Home | Reviews | Articles | Festivals | Competitions | Other | Contact Us

Wihan Quartet live and on CD

Wigmore Hall 17 May 2006

Credit: Nigel Sutton

Joseph Haydn: String Quartet in D Op. 64 No. 5 'The Lark'
Bedrich Smetana: String Quartet No. 2 in D minor

Franz Schubert: String Quartet in A minor D. 804 'Rosamunde'


Winners of the first London International String Quartet Competition (which I attended in 1991) the Wihans have stayed together for twenty years now, and maintained a leading international reputation.


They'd tuned their instruments before they came onto the platform, and they maintained exemplary intonation and unanimity of phrasing and rhythm throughout an urbane evening of sophisticated music-making, soon after the roller-coaster tensions of the 2006 London International String Quartet Competition finals in this hall.


All four players were clearly in good health as manifested by technical excellence and there was no sign of anymusical or inter-personal tension within the group. The recital was being recorded (? for Wigmore Hall Live or for the BBC) and no 'patching' would be needed before these accounts of standard repertoire were disseminated. String quartet playing has advanced technically so far that to regain a sense of wonder adventure one needs to go back to the era of the Busch Quartet!


That would leave me little else to say but for the ever-stimulating Misha Donat's programme notes. Whereas Haydn at 59 appears to have been in confident mood and presumably good health, Donat reminded us that at the same age Smetana (whose "other" quartet was featured) was in extremis and struggling against medical advice to complete this his last work, suffering from the late stages of syphilis complications: "- - at times I get confused - lose my memory - cannot remember the principal melody - look on it as if it were the work of a stranger".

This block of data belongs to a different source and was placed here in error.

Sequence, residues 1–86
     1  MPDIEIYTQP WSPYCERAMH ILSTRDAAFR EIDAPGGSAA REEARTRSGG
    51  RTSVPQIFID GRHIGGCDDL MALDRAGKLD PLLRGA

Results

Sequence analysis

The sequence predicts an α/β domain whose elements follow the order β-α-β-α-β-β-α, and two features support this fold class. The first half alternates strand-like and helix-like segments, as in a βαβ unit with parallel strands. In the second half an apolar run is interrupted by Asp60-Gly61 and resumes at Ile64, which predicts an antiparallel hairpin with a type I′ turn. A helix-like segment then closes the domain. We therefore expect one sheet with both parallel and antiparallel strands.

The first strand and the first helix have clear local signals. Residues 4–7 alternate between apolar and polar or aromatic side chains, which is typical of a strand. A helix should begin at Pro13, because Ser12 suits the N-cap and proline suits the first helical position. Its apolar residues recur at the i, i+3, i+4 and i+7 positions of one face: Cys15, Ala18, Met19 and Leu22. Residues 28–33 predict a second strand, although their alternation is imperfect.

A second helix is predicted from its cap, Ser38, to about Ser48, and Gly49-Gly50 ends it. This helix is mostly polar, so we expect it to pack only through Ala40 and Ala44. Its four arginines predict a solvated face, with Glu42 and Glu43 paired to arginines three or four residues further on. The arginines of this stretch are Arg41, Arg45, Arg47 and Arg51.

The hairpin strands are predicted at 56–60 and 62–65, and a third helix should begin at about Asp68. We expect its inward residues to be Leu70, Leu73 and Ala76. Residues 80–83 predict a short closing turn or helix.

Schubert at 39 was in profound depression from the effects of the same illness when composing the 'Rosamunde' quartet, conscious that "health will never be regained - - despair that brightest hopes have come to nothing" etc etc. Smetana expresses regrets with defiance; Schubert with ineffable beauty in "one of the most hauntingly melancholy pieces he ever wrote".


That commentary gave a context to contemplate their so-different masterpieces from the light of our contemporary world, in which the ravages of AIDS had struck so many of the artistic community before treatment became possible.

Heard from that point of view, the Wihans were perhaps just a little low-key in their elegant interpretations of music which came to birth through struggle?



The Wihans have now completed and released recordings of all the Beethoven Quartets in a bargain box. [Lotos LT 0148-2 130 - 10 CDs].

Some of the performances are fine and fully competitive with the many in the catalogue; there is veritably an embarasse de riches in the Beethoven quartet discography. [But, on a direct comparison, I found myself preferring one of the 2006 competitors who didn't even make the London finals to the Wihan Quartet's account of Op 95.]


Perhaps the Wihans need to engage with live composers, if they are to regain a sense of adventure to match their mature excellence in the standard repertoire?


P.S. No reservations about the Wihans' very new studio recording - Oct 2005/Feb 2006 - of the two Smetana Quartets (Arcodiva UP 0086-2131).

It is magnificent and unlikely to have been bettered by any competitors in the catalogue. The close recording in a good ambience (Domovina Studio Prague) has a vivid immediacy which enhances this passionate music. My only doubt was whether the high violin note in No 1, signifying tinnitus and deafness, couldn't have been more scary?


Smetana's chamber music is amazing in its intensity; be sure that your collection includes also the Piano Trio
(q.v. a fine CD by UK's Gould Piano Trio - "The Smetana trio, composed after the death of his young daughter, is of scarifying intensity, a cry of pain which often seems to be bursting the bounds of the trio format."



© Peter Grahame Woolf